In May I attended three exhibitions. The first was in Milan – the Ipack-Ima, Pharmintech, and Print4All event from 3 to 6 May. The second trip was to the Paperex Exhibition in Greater Noida to talk about emerging from two years of the pandemic and the future of the print industry at its conference. We also moderated a panel of publishers, printers, and a papermaker to evaluate where we are after the trauma and where we are going. The third was the Printpack, also in Greater Noida – where apart from our usual activity of learning about technology and meeting printers and suppliers, we also produced the Show Daily that some of you may have seen or read in print or digitally.
We were curious about our initial optimism for the event since there were challenges such as the Delhi heat wave and still unclear but seeming waning Covid-19 infections. In the first two days, we met about 15 manufacturers or supplier exhibitors at Printpack. We challenged them: “Is our optimism about the recovery of the print industry warranted or are we just giving a pep talk to the already converted who would like to believe it or hope that it is true, even if it isn’t?”
We asked because on the first two days we did not meet many of the big business owners or equipment buyers. However, we observed a sea change of improvement in the equipment exhibited by the Indian manufacturers – shifts towards book production, paper bags, packaging, and increased automation and options. Although deals were being announced we assumed that these were sales done before the show.
On the second day, even before we reached the show phone calls came from people wanting to meet us – they had something important to share. In our first hour at the show, in the three meetings out of four, we learned that the Indian print industry is hot – that several deals have been made in the past month and the most recent deal was signed that morning for a highly configured sheetfed multicolor offset packaging press. For multicolor offset presses, the current financial year seems to be similar to one of the better years before the pandemic, not only in the number of printing machines, but also in terms of complexity, automation, and value.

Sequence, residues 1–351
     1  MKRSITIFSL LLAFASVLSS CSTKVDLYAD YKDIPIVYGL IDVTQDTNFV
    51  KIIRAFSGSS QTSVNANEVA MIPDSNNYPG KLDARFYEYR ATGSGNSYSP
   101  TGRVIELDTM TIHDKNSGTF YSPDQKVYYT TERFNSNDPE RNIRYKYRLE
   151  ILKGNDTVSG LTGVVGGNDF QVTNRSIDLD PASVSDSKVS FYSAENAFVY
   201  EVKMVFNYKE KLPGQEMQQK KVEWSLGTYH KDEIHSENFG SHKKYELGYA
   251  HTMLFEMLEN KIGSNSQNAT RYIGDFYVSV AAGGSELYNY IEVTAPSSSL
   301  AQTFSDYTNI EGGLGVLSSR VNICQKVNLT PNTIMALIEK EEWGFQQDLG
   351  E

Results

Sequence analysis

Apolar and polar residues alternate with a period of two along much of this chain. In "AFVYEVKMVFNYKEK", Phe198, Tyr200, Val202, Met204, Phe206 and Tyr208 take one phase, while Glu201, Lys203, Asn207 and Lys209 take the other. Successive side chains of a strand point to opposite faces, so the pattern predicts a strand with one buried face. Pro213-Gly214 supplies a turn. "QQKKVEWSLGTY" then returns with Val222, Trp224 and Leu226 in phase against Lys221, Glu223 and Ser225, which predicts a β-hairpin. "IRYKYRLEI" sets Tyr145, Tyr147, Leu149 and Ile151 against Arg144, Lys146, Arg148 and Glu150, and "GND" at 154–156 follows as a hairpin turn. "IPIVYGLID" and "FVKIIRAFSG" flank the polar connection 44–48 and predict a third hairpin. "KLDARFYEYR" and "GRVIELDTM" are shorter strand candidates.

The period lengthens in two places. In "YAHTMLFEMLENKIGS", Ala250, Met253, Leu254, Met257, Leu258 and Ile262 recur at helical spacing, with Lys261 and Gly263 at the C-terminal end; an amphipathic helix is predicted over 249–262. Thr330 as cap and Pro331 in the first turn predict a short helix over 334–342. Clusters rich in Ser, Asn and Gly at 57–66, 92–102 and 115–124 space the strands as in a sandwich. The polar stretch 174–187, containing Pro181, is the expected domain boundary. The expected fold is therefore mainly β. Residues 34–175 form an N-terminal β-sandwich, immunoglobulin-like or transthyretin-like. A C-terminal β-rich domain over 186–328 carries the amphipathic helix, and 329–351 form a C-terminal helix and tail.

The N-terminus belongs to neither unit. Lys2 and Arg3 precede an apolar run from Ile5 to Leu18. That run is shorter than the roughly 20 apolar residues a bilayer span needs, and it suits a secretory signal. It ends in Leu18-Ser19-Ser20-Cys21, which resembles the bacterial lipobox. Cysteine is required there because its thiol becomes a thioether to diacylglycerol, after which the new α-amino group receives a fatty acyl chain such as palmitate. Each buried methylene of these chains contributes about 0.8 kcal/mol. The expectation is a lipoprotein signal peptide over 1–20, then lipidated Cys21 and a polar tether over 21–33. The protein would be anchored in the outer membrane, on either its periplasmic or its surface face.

We learned that approximately seven or eight multicolor offset press signings would take place during days of the show and perhaps another ten presses in the next thirty days. Not from any one manufacturer but several deals, both for commercial printing including a couple of fully-loaded 8-color presses, and for monocartons are in their closing stages. Over the next few days, the sales of die-cutters cutters and folder-gluers seemed to rise exponentially. Reports of the luxury hard box sales also came in. Sales of packaging software and sampling tables also arrived and were reported in our Show Daily.
The situation is similar in the flexible packaging industry. Apart from serious ongoing expansion, orders are in place for new blown and cast coated film lines, gravure and flexo presses, and converting machines from leading global and Indian manufacturers. Multiple label press sales were also announced at Printpack.
What is the reason for all this investment activity? One explanation is that there is immense pent-up demand from two or three years of no investment. Also, if the big presses and converting equipment are selling, then it’s good for the die-makers, rule and rubbering suppliers, the ink, adhesive, chemical, coating, paper, and labelstock suppliers too.
At our Paperex conference panel, the publishers and printers said that demand is already higher than 2019 levels – that the print industry is not only resilient but also that it is a first indicator of the economic revival based on the immediate and unmet hunger for print and packaging. As one of the suppliers said, “If our big machines with automation are selling at this rate, it is a barometer for the entire industry – it’s going to be a hugely successful Printpack.”